Incandescent(RH)Incandescent lights provide energy over the entire visual spectrum although more of the wavelengths are on the red side of the spectrum, which is what makes an incandescent light bulb appear a warmer color. A drawback is that they only produce 8-24 lumens per watt because much of the energy is wasted because it is converted to heat. It is the least efficient and therefore least economical of the three. As a quick reminder, steer clear of the bulbs that are called shatterproof or safety coated. They are coated with Teflon, which is highly toxic and usually fatal to confined birds.

CFL(RH)CFLs produce 60-69 lumens per watt and have a lifetime as much as 8 times greater than an incandescent bulb. However, the output will decrease over their lifetime around 20-30 percent. The wavelengths peak at certain colors on the spectrum, but the output over the entire spectrum tends to be rather low although relatively consistent. An unfortunate side effect of traditional fluorescent tube lights is that the light pulses. Think of a fluorescent tube that is dying, you can see it flicker, but birds potentially see that all the time and it can be very annoying to them. Most CFLs are designed not to do that though, making them a better choice that traditional fluorescent tubes.

LED(RH)LED lights give monochromatic light from different wave lengths, i.e., white, green, red. They have high energy efficiency, a long life and high reliability with low maintenance and operation costs. Although in most cases the initial cost is higher than either of the other lighting sources.

There have been numerous studies done on the effects of each of the lighting sources on chickens. Without going into boring scientific detail, birds generally performed better under CFL than incandescent. Still better, studies done with broilers concluded that over all LED lighting showed better results in all of the areas of primary concern, meaning growth and reproduction, than CFL. Another study got so specific that it found the birds reacted differently to specific colors of LED light. The results showed that green light stimulated more exploration, presumably from the fact that from an evolutionary stand point, sensitivity to green light is what allowed them better ability to forage under forest canopies. The red light accelerated sexual development and made them less aggressive. But before you go setting up a red light district in your chicken coop, plain white light emitting LEDs showed the best overall results.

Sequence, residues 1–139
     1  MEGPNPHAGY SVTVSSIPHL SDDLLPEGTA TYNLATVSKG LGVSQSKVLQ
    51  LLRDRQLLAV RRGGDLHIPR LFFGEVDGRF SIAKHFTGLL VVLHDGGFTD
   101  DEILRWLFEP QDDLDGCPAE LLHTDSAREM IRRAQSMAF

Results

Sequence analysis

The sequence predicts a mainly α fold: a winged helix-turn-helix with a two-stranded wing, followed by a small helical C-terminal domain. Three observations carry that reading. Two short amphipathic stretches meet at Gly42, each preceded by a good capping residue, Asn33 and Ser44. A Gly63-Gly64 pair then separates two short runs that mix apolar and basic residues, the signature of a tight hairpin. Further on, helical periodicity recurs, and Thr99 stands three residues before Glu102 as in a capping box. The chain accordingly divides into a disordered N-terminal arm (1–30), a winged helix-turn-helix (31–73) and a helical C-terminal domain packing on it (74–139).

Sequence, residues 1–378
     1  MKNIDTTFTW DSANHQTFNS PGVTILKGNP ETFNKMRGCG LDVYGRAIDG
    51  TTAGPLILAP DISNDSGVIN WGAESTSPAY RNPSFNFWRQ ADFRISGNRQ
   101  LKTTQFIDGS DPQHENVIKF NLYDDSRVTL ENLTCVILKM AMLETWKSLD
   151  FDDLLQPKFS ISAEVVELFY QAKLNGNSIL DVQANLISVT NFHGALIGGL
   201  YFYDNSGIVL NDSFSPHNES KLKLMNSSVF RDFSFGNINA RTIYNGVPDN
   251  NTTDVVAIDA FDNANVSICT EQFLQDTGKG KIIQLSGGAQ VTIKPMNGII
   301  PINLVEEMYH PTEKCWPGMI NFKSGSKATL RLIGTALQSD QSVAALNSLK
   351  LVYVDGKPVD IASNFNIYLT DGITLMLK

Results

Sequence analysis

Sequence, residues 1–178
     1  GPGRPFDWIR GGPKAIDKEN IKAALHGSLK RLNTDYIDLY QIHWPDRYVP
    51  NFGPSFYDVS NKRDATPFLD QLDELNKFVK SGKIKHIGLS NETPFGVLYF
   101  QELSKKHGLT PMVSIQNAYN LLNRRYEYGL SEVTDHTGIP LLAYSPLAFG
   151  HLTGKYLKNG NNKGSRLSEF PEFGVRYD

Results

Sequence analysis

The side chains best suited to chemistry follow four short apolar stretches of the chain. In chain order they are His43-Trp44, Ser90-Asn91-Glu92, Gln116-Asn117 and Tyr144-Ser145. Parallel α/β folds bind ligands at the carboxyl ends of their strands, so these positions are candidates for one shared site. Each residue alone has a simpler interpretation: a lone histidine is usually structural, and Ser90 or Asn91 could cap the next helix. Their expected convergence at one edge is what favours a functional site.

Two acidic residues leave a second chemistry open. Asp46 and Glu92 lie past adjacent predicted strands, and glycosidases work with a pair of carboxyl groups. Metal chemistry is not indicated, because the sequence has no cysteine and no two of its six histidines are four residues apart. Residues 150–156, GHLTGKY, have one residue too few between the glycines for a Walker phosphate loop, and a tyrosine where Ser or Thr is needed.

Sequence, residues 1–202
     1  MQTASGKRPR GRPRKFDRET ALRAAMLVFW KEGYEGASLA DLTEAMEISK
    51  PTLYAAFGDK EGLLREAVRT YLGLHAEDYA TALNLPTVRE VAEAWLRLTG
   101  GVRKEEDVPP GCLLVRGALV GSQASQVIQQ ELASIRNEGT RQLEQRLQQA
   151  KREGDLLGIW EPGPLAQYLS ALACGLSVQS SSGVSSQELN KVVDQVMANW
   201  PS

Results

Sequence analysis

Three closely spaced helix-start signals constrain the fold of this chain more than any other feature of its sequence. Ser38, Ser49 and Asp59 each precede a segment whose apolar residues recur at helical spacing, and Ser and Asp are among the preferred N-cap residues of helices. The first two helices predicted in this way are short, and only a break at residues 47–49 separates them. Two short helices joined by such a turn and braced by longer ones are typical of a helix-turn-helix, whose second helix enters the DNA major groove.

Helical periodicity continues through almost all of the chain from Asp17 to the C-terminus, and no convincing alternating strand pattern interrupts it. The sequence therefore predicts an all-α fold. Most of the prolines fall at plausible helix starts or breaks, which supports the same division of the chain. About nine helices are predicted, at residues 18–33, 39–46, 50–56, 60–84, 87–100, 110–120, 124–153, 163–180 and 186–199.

So the final consideration for lighting is that although in winter the colder temperatures  can reduce egg production, darkness is the main reason production begins to slow in late fall. Research shows that chickens are most productive when they receive about 15 hours of light daily. In the northern United States, natural daylight drops to less than 9 hours per day at the end of December. So the type of lighting is important, but the amount of time you provide supplemental light to your flock is also vital. I personally go out to my chicken barn morning and evening to turn the light on and off. It gives me an opportunity to check in with everybirdie and make sure there are no issues. Not everyone has that luxury, so a timer for your lighting LEDlightening(RH)could be your best friend.

I encourage everyone to take the information I have provided and make the decision that best fits your circumstances. I personally chose LED lighting. I just installed inexpensive strip lighting to replace the temporary fluorescent tube lighting. In just 2 weeks time I went from receiving one or two eggs a day from my girls to a dozen or more. My girls are happy and so am I. So I can personally attest to the efficacy of LED lighting, but the choice is yours.